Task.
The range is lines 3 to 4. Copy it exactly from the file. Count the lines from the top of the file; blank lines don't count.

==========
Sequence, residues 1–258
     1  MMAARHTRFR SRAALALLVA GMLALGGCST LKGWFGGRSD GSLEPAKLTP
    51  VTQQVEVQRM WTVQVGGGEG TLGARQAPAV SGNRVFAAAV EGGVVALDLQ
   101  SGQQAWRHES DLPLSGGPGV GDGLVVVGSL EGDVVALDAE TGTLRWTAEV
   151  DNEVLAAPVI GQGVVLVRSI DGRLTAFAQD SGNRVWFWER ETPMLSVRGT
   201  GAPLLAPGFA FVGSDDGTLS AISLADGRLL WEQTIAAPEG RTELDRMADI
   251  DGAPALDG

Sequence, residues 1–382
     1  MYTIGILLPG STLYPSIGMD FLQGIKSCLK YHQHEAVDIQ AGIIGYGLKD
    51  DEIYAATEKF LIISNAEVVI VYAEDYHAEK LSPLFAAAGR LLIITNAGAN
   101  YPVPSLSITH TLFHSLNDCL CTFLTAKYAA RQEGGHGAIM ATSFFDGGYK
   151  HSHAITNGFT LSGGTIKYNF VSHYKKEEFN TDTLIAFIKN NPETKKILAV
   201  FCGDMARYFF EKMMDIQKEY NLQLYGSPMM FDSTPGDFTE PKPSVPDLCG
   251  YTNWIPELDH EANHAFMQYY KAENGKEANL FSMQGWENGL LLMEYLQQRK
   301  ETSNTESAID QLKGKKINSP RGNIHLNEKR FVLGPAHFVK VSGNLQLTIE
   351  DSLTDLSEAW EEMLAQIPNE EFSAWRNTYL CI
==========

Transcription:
    51  VTQQVEVQRM WTVQVGGGEG TLGARQAPAV SGNRVFAAAV EGGVVALDLQ
   101  SGQQAWRHES DLPLSGGPGV GDGLVVVGSL EGDVVALDAE TGTLRWTAEV